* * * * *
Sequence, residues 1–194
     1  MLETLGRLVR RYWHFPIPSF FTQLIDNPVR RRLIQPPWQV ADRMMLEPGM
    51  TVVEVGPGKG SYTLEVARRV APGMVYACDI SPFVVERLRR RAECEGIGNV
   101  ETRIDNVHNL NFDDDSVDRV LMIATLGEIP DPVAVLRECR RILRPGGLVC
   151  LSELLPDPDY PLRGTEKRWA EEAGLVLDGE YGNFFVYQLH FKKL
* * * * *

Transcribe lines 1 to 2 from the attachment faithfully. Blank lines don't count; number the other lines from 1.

Sequence, residues 1–194
     1  MLETLGRLVR RYWHFPIPSF FTQLIDNPVR RRLIQPPWQV ADRMMLEPGM